After I got my apartment painted, I was left with many empty paint bins. I gave away a few to my help and saved others. The idea was to convert one to a waste bin and some others to potholders. We had recently started garbage segregation, so a bin for reject waste was needed. Before using, I wanted to beautify the bin. I thought that twining a rope around would make it look prettier. But I never got around to hunting for a rope.
On a trip to Sikar, Rajasthan, I spotted this rope while going around in the market. It is called 'moonj' in local language and is used to weave 'charpais'. (cots woven with ropes). I am always attracted to rustic things and was delighted to find this. In fact, I wanted just a little bit but the shopkeeper would sell the whole bundle. It was way too much for my requirement but there was no choice. When I reached home armed with a bundle of rope, everyone scoffed at my purchase and wondered what I was going to do with it. They ridiculed my idea of lugging the rope all the way to Bangalore:)
The rope, however, did get lugged to Bangalore. One fine day, my sis-in-law came to pay me a visit. She loves doing crafty things and I like to have a partner in crime, so we went ahead dressing the bin. After getting it cleaned and dried, we set about our task. It was alright to get the outside covered by a rope but the insides still looked unappealing. So we decided to line it with some fabric. Checkered fabrics always look chic and I remembered a dress that I had stopped wearing. It took a lot of cajoling from my SIL to sacrifice my beloved dress but then it was sheared and we got a lovely lining for the bin.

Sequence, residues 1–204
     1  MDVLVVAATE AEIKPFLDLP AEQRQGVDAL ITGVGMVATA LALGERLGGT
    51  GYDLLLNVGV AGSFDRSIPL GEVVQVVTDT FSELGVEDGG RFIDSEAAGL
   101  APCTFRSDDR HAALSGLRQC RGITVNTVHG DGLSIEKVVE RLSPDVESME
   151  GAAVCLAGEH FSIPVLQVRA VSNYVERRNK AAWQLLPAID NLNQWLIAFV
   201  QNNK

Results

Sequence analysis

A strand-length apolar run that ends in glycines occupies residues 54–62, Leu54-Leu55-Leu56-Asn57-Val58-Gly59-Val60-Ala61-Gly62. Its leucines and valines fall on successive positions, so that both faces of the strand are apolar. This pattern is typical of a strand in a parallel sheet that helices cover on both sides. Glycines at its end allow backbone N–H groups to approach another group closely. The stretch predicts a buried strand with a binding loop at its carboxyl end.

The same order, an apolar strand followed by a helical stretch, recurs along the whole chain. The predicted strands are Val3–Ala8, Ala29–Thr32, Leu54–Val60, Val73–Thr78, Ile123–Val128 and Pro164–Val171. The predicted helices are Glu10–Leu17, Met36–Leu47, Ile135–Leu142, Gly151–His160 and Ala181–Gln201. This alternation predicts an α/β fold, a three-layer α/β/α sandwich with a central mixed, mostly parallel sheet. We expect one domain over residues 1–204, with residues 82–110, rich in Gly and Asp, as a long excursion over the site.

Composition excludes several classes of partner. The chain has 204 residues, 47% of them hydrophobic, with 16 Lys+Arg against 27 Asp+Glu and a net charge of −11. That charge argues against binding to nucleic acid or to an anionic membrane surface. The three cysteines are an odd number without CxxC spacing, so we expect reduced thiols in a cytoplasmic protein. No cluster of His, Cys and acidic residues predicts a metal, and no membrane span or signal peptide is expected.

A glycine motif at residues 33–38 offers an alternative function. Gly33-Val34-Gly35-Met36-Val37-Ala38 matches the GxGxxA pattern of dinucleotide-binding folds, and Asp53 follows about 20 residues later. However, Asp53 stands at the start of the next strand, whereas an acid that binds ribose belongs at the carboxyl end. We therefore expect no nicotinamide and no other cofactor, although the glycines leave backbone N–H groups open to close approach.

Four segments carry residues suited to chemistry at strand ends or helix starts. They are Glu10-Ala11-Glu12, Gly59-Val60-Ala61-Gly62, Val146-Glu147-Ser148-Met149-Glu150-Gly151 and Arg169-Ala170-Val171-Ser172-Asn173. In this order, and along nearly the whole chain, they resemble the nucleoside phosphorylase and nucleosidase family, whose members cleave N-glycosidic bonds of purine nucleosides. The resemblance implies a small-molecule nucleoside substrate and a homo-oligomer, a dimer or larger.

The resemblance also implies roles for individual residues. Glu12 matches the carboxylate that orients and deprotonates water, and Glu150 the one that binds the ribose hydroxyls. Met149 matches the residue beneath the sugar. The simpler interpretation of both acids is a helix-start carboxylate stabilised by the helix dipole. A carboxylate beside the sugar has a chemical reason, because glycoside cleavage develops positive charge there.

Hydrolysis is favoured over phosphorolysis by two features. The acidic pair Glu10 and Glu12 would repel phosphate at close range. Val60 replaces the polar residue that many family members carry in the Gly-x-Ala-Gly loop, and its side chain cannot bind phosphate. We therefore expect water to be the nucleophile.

We pasted the bottom with cardboard. Then came the task of twining the rope. It was hard work and I was glad that I started this project with my SIL around. She is very neat and while one person applied Fevicol, the other held the rope tight and stuck it along the binder. After a couple of hours of hard work and sore fingers, we were rewarded with this. We were very pleased with the outcome.
I found a bow and stuck it to the top. What a difference a bow can make!
Now that it looked so lovely and also because it was lined with fabric, it couldn't be used as a waste bin and of course not as a potholder. So we decided to use it as a magazine holder.
The other bin has been painted with a basic coat and is waiting to be adorned further. I am planning a few worli motifs on it. Let's see. If and when it gets ready, I will post a picture.